Booze-bearing bobbies, slug-picking gardeners & fits of fury: All in Prince Charles’ barmy biography

Booze-bearing bobbies, slug-picking gardeners & fits of fury: All in Prince Charles’ barmy biography
Like them or loathe them – they’re fascinating creatures, those royals. Prince Charles, long considered only interested in Cumbrian farmers and Chelsea new-builds, is fast becoming the most interesting of all.

An explosive new biography is blowing the lid off the future king’s alleged eccentricities. It’s unauthorized, of course, but if what Tom Bower has written in Rebel Prince is true, we’re surely in for a right royal laugh. Well, if you don’t mind the fact that we’re paying for the madness of the monarch.

Bower’s book was published on Thursday by William Collins – here are the highlights:

Booze patrol

According to the biography, Charles is the easiest and weirdest party guest ever.
Bower claims Charles has a publicly-funded police officer carry his Martinis to events. And, it is claimed, he even comes along with his own food, though Charles’ personal crime-stopper doesn't have to lug that around as well – that honor is bestowed upon an aide.

Trains, planes & the mystery of the itchy seats

Anyone who's ever drunk-dialled a cab on a boozy night out knows taxis can be costly. But Charles, according to Bower, has probably broken the record for a costly beer-run. The biography alleges the Prince took a trip on the royal train, from Highgrove to Penrith – all to visit a pub. It was a journey that cost £18,916. We’re not yet sure of the name of the pub, although we’d love it to be the King’s Head.

Before you judge – It hasn’t always been plain sailing for Charles. Once, he had to fly club class. The prince reportedly complained in his journal after flying to Hong Kong in a chartered British Airways plane: “It took me some time to realise… that this was not first class (!), although it puzzled me as to why the seat seemed so uncomfortable. Such is the end of Empire, I sighed to myself.”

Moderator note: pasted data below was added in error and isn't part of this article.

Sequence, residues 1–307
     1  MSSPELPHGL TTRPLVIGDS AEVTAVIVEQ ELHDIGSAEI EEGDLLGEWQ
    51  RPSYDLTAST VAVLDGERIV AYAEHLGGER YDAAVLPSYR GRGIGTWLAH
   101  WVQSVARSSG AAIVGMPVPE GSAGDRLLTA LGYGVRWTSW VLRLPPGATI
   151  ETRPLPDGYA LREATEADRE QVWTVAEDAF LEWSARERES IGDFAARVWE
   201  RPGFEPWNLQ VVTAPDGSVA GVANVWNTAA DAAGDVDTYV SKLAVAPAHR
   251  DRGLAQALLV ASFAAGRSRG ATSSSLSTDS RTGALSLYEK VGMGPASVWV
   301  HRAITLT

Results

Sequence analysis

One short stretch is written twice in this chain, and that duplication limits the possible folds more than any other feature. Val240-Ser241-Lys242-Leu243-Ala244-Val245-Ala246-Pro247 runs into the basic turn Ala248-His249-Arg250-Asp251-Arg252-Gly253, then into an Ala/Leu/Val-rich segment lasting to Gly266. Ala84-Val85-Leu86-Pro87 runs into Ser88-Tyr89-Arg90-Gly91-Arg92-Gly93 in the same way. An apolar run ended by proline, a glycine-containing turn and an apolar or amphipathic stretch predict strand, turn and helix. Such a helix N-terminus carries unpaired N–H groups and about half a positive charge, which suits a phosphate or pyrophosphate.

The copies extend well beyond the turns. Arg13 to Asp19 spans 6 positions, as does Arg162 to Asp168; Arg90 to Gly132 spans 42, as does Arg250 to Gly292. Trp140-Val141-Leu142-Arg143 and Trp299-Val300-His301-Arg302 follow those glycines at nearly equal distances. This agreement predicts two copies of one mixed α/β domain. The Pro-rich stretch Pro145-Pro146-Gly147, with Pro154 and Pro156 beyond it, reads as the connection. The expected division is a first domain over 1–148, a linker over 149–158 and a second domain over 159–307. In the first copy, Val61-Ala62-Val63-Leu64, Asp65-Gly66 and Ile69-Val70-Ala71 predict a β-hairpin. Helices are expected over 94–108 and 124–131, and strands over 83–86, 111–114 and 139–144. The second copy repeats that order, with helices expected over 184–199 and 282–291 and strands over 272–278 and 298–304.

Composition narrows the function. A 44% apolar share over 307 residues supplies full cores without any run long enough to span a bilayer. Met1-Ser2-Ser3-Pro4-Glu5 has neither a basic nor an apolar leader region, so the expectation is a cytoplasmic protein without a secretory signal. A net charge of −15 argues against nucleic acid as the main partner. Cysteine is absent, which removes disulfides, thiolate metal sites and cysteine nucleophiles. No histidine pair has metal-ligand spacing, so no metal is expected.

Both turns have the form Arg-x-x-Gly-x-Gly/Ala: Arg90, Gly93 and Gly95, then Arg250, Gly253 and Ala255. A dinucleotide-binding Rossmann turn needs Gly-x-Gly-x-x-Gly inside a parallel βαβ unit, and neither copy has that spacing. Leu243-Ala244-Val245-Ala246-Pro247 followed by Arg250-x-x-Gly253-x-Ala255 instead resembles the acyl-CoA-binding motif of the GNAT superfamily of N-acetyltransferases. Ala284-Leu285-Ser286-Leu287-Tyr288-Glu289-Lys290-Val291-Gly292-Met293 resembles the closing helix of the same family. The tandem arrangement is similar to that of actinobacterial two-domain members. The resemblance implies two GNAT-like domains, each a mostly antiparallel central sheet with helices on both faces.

Professional slug pickers

How many staff does it take to change a lightbulb? Well, in Prince Charles’ house it depends where the light is. There are, Bower says, staff “each responsible for a short segment of corridor” in the Royal residence. In fact, according to the book he has a 120-strong retinue – including three footmen to escort visitors to his office. They all have specific roles. Take the “retired Indian servicemen… deployed to prowl through the undergrowth at night with torches and hand-pick slugs from the plants of leaves,” for example.

There are four valets to help him change his clothes up to five times a day and four gardeners who hand-pick slugs from the garden “because of the prince’s hatred of pesticides.” The gardeners are reported to be tasked with laying “flat, nose down on a trailer” to pluck weeds by hand.

Tantrums and tiaras

Nothing says born with a silver spoon like, well, this. Bower writes Charles threw a spectacular fit and “shrieked” when he discovered plastic on his plate. The mystery was soon solved by wife Camilla, when she identified the unidentified stretchy, shiny object as cling film.

This isn’t the only time Charles has thrown down his tiara in a tantrum.

Bower claims he told a visitor the Queen reads newspapers, yet he does not because “It would drive me mad.” This could well be true as reportedly he has a habit of throwing objects at the radio.

READ MORE: Prince Charles the ‘snake-oil salesman’: Professor slams royal in new book condemning homeopathy

And the dinner-party guest extraordinaire apparently made a real scene once, when his feelings were hurt. Bower says he hurled a dinner plate to the floor party after learning of his low popularity ratings. Charles has a reputation for his outbursts, Bower writes. “Even my office is not the right temperature. Why do I have to put up with this? It makes my life so unbearable,” the Prince is quoted as saying to an assistant. One friend describes Charles as “an Olympian whinger.”

Bower says he interviewed more than 120 people for his biography of Charles, who he claims has “resorted to machination and media manipulation to restore his position” since 1997. Bower concludes the prince’s legacy is “tarnished by his addiction to luxury, his financial mismanagement, his disloyalty to professional supporters, and the torrid relationships with his family”. Clarence House has stated that no comment will be issued on the allegations made in the book.

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